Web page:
Besides a grill or smoker, the oven method is one of the simplest and fool-proof ways to cook delicious ribs! The results are incredibly delicate and juicy when cooked low and slow at 225 degrees, and any home cook (ask around) will tell you that this is the optimum temperature for oven-baked rib recipes.
One of the most important things to note is how long to cook ribs in the oven for the best results, and that is exactly what this article is here to show you. Pay attention to all our cooking tips and instructions, as well as our timing guidelines in order to get the best out of your cooking.
Ribs Nutrition Facts
Tips for Cooking Ribs in Oven
We recommend that you pay attention to the tips and guidelines below to get the best results when cooking ribs in the oven:
Don’t wash the ribs – Before cooking, ribs technically don’t need to be washed. This step is not recommended by the USDA since it increases the danger of cross-contamination.
Take off the membrane – The membrane on the ribs should be removed before cooking. Failure to do this will result in the ribs being much more difficult to take apart and eat after they’ve been cooked. The membrane is a thin, whitish coating that runs down the back of the ribs. Simply raise the corner with the point of your knife and pull it off slowly.
Ideal cooking duration – Ribs cooked in the oven with this method typically take around 6 hours to cook completely. In the end, you want your ribs to achieve an interior temperature of 190–200 degrees Fahrenheit.
You can generally eat ribs safely once they reach a temperature of 145 degrees Fahrenheit, but the flesh would still be considerably tough at this point. The flesh is at its softest and juiciest when the ribs reach an internal temperature of 190–200 degrees F.
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Top 3 Ingredients to Cook Ribs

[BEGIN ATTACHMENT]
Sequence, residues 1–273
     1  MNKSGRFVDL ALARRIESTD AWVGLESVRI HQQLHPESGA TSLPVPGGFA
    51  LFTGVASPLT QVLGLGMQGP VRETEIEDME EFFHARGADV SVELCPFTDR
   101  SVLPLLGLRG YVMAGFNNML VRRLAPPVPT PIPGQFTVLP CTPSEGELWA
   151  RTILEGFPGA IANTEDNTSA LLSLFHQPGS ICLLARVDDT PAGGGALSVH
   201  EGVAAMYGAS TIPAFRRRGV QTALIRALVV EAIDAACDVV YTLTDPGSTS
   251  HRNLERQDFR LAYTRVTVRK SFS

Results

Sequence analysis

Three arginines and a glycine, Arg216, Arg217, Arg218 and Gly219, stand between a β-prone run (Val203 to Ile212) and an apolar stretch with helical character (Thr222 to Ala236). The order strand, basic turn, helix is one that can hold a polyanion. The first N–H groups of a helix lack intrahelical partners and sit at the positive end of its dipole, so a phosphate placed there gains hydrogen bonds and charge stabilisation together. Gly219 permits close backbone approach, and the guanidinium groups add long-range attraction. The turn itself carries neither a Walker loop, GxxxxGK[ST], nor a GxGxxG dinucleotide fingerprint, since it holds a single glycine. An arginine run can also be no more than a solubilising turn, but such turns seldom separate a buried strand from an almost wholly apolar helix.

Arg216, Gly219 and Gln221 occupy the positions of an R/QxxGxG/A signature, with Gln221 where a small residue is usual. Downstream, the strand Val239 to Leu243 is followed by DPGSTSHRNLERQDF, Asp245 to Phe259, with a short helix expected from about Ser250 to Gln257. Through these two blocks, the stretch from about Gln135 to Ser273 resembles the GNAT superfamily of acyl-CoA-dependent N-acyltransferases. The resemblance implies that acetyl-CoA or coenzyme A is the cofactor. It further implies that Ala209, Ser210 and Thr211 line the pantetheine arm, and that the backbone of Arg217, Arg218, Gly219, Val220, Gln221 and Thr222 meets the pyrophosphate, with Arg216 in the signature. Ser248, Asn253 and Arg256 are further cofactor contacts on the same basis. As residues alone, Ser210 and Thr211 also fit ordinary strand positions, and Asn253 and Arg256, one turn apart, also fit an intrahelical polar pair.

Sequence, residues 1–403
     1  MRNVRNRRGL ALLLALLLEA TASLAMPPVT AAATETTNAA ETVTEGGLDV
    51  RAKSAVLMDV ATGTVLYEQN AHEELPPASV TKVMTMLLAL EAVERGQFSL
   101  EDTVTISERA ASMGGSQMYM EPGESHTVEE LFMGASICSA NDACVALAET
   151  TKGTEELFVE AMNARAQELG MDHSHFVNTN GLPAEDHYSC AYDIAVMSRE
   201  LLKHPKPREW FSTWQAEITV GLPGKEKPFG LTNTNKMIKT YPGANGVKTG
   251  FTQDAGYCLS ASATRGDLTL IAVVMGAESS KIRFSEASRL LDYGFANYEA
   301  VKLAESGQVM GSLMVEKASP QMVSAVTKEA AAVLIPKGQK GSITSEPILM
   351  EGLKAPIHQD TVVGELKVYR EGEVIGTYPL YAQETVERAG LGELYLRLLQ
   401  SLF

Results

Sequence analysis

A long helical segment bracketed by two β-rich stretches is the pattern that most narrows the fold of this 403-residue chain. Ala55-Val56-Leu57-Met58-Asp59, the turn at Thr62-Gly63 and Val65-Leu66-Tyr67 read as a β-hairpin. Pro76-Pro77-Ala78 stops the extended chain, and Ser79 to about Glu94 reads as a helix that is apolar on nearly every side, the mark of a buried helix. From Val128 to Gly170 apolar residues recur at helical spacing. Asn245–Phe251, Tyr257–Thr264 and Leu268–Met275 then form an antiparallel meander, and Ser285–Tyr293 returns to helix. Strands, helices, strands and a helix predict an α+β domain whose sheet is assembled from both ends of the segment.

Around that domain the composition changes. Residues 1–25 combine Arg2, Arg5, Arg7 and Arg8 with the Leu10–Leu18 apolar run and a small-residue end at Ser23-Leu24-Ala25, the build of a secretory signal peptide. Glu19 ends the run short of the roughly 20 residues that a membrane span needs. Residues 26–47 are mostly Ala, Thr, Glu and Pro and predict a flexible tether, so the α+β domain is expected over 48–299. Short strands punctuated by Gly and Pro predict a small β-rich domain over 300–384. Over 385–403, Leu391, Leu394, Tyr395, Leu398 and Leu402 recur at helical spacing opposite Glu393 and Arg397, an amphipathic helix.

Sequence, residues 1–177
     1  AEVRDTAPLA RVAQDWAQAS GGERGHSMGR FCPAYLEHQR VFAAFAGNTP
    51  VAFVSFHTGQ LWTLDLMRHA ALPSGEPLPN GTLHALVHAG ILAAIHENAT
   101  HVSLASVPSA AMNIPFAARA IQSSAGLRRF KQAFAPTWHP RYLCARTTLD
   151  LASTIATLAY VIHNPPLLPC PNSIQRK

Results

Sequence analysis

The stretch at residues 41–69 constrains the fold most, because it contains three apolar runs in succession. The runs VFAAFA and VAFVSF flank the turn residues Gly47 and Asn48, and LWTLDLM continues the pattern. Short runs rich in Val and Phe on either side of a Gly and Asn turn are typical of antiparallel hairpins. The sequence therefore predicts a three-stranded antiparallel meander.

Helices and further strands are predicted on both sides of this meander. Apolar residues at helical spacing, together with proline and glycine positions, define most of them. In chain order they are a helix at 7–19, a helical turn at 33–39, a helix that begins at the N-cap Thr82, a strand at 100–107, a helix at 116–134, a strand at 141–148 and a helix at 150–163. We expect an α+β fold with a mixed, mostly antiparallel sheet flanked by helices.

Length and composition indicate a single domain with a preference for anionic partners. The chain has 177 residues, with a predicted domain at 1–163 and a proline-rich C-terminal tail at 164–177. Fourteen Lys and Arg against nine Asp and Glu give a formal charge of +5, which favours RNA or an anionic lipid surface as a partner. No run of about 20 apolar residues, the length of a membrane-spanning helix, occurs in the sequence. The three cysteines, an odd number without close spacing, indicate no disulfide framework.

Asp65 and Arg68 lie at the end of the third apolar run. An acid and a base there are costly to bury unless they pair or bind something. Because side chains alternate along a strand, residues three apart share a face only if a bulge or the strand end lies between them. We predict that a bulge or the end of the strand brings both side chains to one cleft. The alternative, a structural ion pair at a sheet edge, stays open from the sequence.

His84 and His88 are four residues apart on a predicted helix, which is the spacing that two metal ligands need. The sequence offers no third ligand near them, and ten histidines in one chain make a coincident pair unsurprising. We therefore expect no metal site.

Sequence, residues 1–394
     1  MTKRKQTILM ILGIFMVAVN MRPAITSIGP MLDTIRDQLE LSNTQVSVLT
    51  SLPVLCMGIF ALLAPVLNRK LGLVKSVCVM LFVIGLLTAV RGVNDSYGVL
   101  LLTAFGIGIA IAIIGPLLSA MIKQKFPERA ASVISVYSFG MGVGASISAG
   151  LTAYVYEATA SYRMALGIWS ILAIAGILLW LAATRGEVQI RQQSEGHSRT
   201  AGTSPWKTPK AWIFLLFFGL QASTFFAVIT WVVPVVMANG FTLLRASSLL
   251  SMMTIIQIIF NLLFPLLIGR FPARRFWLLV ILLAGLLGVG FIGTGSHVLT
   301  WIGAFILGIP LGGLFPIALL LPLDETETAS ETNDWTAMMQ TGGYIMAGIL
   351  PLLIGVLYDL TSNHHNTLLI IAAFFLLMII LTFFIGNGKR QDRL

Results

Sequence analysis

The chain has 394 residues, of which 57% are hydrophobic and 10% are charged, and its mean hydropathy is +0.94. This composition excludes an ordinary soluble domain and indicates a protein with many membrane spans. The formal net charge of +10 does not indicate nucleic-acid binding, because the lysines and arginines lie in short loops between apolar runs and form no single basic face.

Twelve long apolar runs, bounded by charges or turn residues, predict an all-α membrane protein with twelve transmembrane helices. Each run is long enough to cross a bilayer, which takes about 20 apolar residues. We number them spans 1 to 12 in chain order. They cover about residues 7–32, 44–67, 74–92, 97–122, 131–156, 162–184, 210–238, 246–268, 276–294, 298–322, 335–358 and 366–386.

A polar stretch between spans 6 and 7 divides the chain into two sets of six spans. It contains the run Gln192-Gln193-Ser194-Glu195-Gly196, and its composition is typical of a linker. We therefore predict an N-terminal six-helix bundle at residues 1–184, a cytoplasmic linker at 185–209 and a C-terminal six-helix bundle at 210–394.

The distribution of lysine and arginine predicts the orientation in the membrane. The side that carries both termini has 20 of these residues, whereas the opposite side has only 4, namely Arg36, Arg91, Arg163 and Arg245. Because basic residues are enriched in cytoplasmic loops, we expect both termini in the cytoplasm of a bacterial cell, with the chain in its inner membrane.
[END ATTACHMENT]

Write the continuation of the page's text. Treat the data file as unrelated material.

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Cooking time for Ribs in Oven at 225
The ideal timing guidelines to follow when cooking ribs in the oven have been described in the table below:
|Cooking procedure||Cooking time|
|Cooking ribs in the oven||3 hours at 225 degrees Fahrenheit; 2 to 3 hours at 180 degrees Fahrenheit|
For the rub
- 1 cup of brown sugar (dark or light)
- 3 tablespoons of smoked paprika
- 2 tablespoons of dried ground chipotle or ancho chile powder
- 1½ tablespoons of garlic powder
- 1½ tablespoons of onion powder
- 1 tablespoon of kosher salt
- 1 teaspoon of ground cumin
For the ribs
- 1 rack of spare ribs; preferably St. Louis Cut (or as many as you need)
- barbecue sauce of choice for garnish; (this ingredient is optional, but you’ll find it beneficial)
Note: The first three steps of this recipe should ideally be completed several hours before the ribs are to be cooked. The uncooked ribs should be refrigerated overnight after coating them in the rub.
- Prepare the rub the night before you plan to cook the ribs: Combine all ingredients in a large mixing bowl and stir well until completely combined.